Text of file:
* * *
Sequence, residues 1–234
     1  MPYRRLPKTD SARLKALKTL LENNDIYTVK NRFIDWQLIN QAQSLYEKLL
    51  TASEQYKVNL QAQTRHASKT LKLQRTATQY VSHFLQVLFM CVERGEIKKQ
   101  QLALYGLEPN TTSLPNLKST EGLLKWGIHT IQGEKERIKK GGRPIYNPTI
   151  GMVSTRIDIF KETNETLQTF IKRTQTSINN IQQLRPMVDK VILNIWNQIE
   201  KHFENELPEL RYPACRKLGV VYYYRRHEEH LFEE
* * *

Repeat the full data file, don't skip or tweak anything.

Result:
Sequence, residues 1–234
     1  MPYRRLPKTD SARLKALKTL LENNDIYTVK NRFIDWQLIN QAQSLYEKLL
    51  TASEQYKVNL QAQTRHASKT LKLQRTATQY VSHFLQVLFM CVERGEIKKQ
   101  QLALYGLEPN TTSLPNLKST EGLLKWGIHT IQGEKERIKK GGRPIYNPTI
   151  GMVSTRIDIF KETNETLQTF IKRTQTSINN IQQLRPMVDK VILNIWNQIE
   201  KHFENELPEL RYPACRKLGV VYYYRRHEEH LFEE